Cite as [In re Matai Title I`aulualo, 25 A.S.R.2d 155 (Trial Div. 1994)]
TIPISONE MANU AOELUA, Claimant
FOLAU I'AULUALO, MATAIUMU SIOFAGA, and NAIULI L.
[In the matter of the Matai Title "I'AULUALO"]
In the High Court of American Samoa
Land and Titles Division
MT No. 02-92
March 17, 1994
 Matai-title claimants and counter-claimants/objectors are not held to different standards regarding the supporting petitions.
 Eligibility to be a candidate for a matai title is not an incident of one's nationality and therefore A.S.C.A. § 1.0403 does not abridge a constitutionally-guaranteed privilege.
 Where a conflict exists between the A.S.C. and any customary privilege, the statute governs.
 The requirement that a statute must have a rational basis is not a license for courts to judge the wisdom, fairness, or logic of legislative choices. [25ASR2d156]
 The extent to which equal protection applies in the territory is unclear because the territorial constitution does not contain an equal-protection clause.
Before KRUSE, Chief Justice, TAUANU'U, Chief Associate Judge, VAIVAO, Associate Judge, LOGOAI, Associate Judge, and BETHAM, Associate Judge.
Counsel: For Folau I'aulualo, Aviata F. Fa'alevao
For Mataiumu Siofaga, Gata E. Gurr
Order on Motions for New Trial:
In its decision entered January 26, 1994, the court dismissed the succession claim of Folau I'aulualo, hereafter "Folau," on the grounds that his objection and counterclaim lacked the requisite twenty-five supporting family signatories as required by A.S.C.A. § 1.0407. The court also dismissed the objection and counterclaim of Mataiumu Siofaga, hereafter "Mataiumu," on the grounds that he was ineligible for matai succession under A.S.C.A. § 1.0403. Each party moved for a new trial and/or reconsideration pursuant to A.S.C.A. § 43.0802(a).
I. Foloau's Motion/or New Trial
As we understand the motion, it is premised on the argument that the statutory requirement relating to twentv-five qualified family petitioners in support of a matai succession claim, applies only to "claimants," as opposed to "objector/counter-claimants." Folau submits that the filing requirements for a "claimant," as set out in A.S.C.A. § 1.0405, are somehow different to the filing requirements for an "objector/counter-claimant," as set out in A.S.C.A. § 1.0407; that while a "claimant" is to be held to the requisite support of twenty-five qualified family petitioners, an "objector/counter-claimant" may be held to a lesser standard if the latter simply files an affidavit, under § 1.0407(d), "to the effect that his family does not have sufficient number of qualified members to support his claim."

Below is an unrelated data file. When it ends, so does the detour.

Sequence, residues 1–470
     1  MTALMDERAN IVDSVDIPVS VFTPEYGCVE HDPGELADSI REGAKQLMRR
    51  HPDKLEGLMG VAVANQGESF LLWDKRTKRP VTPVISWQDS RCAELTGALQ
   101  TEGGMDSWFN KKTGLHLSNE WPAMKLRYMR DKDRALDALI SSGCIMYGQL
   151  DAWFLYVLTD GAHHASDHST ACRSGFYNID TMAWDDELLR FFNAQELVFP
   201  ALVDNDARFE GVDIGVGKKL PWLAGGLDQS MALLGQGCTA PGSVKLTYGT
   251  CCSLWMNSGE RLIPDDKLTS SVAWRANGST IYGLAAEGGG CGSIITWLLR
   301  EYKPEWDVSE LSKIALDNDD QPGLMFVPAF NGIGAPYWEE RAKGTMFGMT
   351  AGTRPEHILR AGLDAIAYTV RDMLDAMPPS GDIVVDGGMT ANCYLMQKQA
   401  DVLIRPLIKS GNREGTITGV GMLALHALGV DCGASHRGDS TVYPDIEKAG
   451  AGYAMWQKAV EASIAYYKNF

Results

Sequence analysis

Contrary to Folau's argument, matai-title claimants and counter-claimants/objectors are not held to different standards regarding the supporting petitions. A claimant to a matai title must submit a petition with "25 blood members of the title claimed." A.S.C.A. § 1.0405(b). An identical requirement applies to counter-claima11ts or objectors. A.S.C.A. § 1.0407(b) ("25 persons related by blood to the title"). If a family lacks "a sufficient number of members qualified" to [25ASR2d157] sign the petition, a claimant or counter-claimant/objector may state this in a signed affidavit. A.S.C.A. §§ 1.0405(b), 1.0407(d).
Folau's citing of Asuega v. Manuma, 4 A.S.R. 616 (Trial Div. 1965), is not helpful to his argument. In that case, the trial court would not construe an "[a]mbiguous statute" so as to frustrate the legislation's "obvious intent" that a court select a matai if a family is unable to do so. Id. at 616, 622-23 (construing C.A.S. § 6.0104, which required the signatures of three- fourths of the family members over twenty years old) . However, the Legislature has since resolved that statutory problem by changing the required number of a petition's signatures to twenty-five and by adding the affidavit exception for small families. Unlike the situation in Asuega, Folau has neither shown that the family is incapable of selecting a matai nor that enforcing the petition-signature requirement would preclude the court from selecting a matai if the family is unable to agree.